The Center was first established in 1969 by Ralph Hocking, a professor in the department of Cinema Studies at the State University of New York at Binghamton, as the Student Experiments in Television/Community Center for TV Production—an initiative which supplied not only students at the University but members of the larger community with access to video technology and instruction. Hocking, whose background was in pottery, sculpture and photography, became interested in newly developed portable video equipment after meeting Nam June Paik in 1969. When the Center moved off campus it became eligible for funding unavailable at the University, such as support from the New York State Council for the Arts which had recently expanded its funding to include electronic media. Incorporated in 1971, the Center is an example of one of the many media access centers to appear during the 1970s in upstate New York. Because NYSCA needed to demonstrate that its missions was to support art beyond the five boroughs, the Council encouraged artists and collectives based in the city to relocate upstate where funding was less competitive. An example of this type of exodus can be found in the Catskills region, a rural area located 100 miles north of the city, which became home to a number of video collectives such as the VideoFreex, Woodstock Community Video, among others.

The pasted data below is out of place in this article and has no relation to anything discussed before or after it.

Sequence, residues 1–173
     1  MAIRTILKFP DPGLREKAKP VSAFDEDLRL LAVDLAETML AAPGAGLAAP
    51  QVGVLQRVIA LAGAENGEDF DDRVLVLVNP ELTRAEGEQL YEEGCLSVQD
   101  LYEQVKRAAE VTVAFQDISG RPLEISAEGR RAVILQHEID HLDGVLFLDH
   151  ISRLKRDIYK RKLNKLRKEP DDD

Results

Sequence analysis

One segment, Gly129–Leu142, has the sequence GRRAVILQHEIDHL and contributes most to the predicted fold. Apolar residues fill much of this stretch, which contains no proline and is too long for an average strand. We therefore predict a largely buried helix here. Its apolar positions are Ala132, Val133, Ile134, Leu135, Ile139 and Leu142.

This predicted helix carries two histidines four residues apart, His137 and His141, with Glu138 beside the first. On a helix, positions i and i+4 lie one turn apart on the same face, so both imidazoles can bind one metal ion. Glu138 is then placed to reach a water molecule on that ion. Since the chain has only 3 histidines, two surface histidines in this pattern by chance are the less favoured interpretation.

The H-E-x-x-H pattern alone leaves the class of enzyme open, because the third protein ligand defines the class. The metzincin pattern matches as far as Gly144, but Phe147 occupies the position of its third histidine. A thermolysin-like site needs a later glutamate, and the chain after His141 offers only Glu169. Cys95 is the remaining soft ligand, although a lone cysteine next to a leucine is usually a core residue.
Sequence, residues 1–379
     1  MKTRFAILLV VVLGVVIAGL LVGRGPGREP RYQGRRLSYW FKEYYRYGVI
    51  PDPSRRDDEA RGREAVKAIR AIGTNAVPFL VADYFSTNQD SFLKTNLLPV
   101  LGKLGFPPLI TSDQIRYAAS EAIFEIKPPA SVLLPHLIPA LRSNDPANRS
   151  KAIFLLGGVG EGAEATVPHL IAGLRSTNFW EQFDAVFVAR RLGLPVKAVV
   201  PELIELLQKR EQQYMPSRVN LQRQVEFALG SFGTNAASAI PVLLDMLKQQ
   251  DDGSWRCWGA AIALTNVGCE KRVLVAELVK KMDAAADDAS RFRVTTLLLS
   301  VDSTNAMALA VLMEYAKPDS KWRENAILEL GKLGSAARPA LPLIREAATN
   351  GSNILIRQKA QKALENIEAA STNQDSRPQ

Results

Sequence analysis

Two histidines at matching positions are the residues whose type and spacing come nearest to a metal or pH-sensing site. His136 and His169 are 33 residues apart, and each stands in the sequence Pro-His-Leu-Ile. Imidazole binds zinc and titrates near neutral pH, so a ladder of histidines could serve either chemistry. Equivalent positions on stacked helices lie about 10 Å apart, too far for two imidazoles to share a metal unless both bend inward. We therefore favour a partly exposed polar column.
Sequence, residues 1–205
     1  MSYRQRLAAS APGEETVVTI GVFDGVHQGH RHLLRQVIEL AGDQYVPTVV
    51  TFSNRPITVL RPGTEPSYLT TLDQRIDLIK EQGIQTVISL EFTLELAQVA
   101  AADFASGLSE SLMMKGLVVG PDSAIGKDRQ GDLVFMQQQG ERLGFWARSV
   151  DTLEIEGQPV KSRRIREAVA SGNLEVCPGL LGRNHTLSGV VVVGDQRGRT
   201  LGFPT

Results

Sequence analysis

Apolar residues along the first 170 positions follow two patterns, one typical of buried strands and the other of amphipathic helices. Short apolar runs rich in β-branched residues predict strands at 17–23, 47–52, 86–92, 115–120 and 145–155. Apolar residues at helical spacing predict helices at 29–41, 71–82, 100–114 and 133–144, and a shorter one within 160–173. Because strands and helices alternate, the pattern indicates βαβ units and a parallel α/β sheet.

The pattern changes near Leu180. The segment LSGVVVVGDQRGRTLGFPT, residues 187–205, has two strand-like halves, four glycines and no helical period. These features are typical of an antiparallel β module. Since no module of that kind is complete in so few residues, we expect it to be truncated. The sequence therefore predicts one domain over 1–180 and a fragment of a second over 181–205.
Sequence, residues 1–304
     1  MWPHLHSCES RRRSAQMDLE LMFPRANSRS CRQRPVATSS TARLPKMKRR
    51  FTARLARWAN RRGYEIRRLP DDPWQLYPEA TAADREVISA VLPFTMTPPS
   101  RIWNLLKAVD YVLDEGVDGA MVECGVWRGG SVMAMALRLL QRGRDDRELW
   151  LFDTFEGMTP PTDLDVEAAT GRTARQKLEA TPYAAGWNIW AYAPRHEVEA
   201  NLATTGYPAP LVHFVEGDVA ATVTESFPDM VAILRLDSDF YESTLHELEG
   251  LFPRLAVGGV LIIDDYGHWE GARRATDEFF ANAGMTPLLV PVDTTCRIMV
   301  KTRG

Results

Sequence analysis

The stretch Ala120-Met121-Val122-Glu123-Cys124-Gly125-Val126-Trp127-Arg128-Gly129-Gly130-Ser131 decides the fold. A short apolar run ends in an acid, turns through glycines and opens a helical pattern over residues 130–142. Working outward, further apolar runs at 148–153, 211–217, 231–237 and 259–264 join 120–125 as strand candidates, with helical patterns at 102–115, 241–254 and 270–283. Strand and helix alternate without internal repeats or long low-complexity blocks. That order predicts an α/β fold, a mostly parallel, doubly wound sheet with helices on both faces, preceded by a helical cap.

Although its initial role was to facilitate access to video technologies through workshops, the Center soon took on a unique role in the research and development of image processing tools and began residency programs for artists interested in experimenting with the properties inherent to video. In collaboration, technologists and artists developed tools in order to experiment with the structure of electronic signals, to generate images internally within the system, and to alter both prerecorded and live audio and video signals. Similar work was occurring at facilities supported by the Corporation for Public Broadcasting, namely at affiliates KQED in San Francisco, WGBH in Boston, and WNET in New York City. Investigations by artists interested in video technologies and television as a creative medium took place at KQED’s National Center for the Experiments in Television, The Television Workshop at WGBH, and WNET’s TV Lab at Channel 13.